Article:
Date: June 07, 2016 11:16AM

I made a "test coupon", from a 215 block. It tensile tested higher than what aftermarket, T356 blocks were . 215's density is grater than Rovers, because they were semi-permanent mold vs sand cast. roverman.


waterbucket
Philip Waterman
England
(66 posts)

Registered:
07/30/2011 01:08PM

Main British Car:
1978 MGB GT

Re: Rover 4.6 V8 Triage
Posted by: waterbucket
Date: June 07, 2016 03:57PM

The Rover block question is not as simple as it has been made out, there were considerable numbers of block/liner failures in these engines. As I understand it the 3.5 gave no problems at all and the same with the 4.2 but they started with the 4.0 and 4.6 engines. The bigger bore of these engines left very little metal behind the liners, the bores were ultrasonically tested for thickness and were graded accordingly. I think a dab of paint was put on the valley to distinguish the three thicknesses, 4.0 engines received the thinnest and medium and the 4.6 received the thickest and mediums if needed. The idea being that the longer stroke could cause the liner to shift so all thick bore walls went to the 4.6.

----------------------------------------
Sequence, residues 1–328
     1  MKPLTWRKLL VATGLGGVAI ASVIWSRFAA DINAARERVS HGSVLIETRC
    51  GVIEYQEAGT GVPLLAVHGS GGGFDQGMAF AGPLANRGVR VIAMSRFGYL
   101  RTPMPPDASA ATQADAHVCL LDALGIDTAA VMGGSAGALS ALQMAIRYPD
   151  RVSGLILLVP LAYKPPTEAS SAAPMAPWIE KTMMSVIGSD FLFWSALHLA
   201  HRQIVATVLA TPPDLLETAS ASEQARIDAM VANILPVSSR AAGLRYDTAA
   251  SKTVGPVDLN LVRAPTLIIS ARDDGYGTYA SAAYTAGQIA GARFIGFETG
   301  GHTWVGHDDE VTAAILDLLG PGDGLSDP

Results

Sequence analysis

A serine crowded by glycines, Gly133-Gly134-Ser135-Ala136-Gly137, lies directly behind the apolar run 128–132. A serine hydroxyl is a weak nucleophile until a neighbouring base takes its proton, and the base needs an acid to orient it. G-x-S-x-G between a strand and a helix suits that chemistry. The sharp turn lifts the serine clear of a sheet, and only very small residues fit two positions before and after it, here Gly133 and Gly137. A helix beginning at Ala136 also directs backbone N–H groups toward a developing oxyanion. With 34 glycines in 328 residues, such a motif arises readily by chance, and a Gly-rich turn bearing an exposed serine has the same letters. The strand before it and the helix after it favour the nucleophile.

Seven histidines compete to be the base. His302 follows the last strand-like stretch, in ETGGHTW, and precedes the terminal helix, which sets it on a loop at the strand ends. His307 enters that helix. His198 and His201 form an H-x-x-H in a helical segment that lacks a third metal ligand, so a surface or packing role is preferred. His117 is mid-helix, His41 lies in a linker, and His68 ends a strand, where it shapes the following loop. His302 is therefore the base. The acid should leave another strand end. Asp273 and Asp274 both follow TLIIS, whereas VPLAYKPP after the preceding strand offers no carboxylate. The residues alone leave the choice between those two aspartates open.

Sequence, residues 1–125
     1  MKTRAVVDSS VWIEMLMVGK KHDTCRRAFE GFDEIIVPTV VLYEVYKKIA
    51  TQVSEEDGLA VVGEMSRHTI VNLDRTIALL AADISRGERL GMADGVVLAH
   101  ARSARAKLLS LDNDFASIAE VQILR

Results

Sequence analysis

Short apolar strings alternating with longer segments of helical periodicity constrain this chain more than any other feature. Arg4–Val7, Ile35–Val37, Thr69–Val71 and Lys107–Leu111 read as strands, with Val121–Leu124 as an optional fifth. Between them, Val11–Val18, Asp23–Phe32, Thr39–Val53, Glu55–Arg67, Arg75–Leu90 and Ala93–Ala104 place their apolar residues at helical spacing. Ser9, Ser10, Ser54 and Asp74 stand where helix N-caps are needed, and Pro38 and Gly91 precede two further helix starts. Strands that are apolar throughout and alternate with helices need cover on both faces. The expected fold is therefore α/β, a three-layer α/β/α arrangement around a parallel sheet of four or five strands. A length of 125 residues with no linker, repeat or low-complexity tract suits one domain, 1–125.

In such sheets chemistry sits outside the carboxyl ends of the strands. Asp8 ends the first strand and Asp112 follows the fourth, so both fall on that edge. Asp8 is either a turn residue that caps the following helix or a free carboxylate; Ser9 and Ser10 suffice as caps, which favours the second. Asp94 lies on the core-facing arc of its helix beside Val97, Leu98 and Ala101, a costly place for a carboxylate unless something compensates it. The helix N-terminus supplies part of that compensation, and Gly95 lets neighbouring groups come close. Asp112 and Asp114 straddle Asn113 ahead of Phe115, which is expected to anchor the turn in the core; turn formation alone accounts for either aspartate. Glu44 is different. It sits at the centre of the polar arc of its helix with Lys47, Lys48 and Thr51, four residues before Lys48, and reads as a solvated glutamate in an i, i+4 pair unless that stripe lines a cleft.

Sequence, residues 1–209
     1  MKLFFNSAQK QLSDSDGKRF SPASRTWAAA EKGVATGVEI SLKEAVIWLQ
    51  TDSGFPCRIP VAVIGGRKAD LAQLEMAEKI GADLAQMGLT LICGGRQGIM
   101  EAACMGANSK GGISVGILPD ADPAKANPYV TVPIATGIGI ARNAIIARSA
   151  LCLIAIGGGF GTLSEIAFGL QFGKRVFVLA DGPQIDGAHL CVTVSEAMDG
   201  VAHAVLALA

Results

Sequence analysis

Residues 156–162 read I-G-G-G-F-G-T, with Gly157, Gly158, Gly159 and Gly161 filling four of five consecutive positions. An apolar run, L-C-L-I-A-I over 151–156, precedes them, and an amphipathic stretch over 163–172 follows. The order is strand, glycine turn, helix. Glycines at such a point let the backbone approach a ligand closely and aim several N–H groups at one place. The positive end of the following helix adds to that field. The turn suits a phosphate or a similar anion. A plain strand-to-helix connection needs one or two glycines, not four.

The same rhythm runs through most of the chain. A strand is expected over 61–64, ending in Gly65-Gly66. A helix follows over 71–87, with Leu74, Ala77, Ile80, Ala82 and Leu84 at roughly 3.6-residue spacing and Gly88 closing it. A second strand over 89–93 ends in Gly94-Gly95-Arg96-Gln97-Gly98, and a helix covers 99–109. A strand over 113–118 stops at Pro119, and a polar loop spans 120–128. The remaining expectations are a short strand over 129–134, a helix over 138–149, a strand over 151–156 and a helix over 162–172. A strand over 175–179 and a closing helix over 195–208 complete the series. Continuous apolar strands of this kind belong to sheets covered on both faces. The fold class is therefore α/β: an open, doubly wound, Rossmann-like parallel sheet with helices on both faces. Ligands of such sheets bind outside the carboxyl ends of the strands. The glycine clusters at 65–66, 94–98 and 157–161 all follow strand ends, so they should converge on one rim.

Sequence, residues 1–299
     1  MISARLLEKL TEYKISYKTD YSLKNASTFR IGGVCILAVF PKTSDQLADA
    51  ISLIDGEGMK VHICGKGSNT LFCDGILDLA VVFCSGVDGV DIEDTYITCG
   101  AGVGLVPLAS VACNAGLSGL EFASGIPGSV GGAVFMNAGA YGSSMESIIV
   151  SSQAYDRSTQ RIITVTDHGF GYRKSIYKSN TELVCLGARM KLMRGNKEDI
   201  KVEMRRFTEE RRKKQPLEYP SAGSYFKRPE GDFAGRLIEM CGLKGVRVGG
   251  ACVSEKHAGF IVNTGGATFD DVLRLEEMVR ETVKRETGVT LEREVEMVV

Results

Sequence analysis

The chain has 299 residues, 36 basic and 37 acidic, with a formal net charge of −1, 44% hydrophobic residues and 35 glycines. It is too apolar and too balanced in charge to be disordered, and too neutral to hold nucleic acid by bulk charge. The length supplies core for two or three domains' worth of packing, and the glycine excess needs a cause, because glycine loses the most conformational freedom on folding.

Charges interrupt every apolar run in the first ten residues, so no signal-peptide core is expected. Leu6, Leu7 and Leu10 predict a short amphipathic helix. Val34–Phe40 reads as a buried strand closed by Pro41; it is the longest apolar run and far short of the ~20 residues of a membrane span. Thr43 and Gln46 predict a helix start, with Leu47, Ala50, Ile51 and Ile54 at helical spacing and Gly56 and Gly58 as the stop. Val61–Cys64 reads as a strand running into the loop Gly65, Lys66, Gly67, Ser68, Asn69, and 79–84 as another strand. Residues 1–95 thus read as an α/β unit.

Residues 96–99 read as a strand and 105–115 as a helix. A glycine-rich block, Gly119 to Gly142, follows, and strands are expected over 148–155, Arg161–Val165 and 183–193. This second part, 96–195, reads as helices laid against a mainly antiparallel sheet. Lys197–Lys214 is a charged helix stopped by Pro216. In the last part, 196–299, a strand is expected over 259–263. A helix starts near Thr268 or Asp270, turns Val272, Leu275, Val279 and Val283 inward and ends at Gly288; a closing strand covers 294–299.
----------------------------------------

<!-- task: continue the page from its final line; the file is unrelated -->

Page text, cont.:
That was not the only problem that the Range Rover had, the top coolant hose was prone to airlocking, causing the engine to overheat and this in turn caused the liner problem. Of course the vast majority of owner did not know or understand the overheating problem and the engine then got its bad reputation.
If you read the information to the top Rover V8 engine modifiers they will confirm that their replacement top hat liners will cure the problem of liners, but it should not have existed in the first place. It is typical of the engineers/ management that lasted for the best part of four decades where cars were released for sale before sufficient testing was performed on them. There was virtually no car made by the Leyland group where the motoring press and the public were not critical of the quality. Those of you in the USA were spared the Allegro whose new owners were told not to jack it up or the windscreen could pop out!



MGBV8
Carl Floyd
Kingsport, TN
(3471 posts)

Registered:
10/23/2007 11:32PM

Main British Car:
79 MGB, Buick 215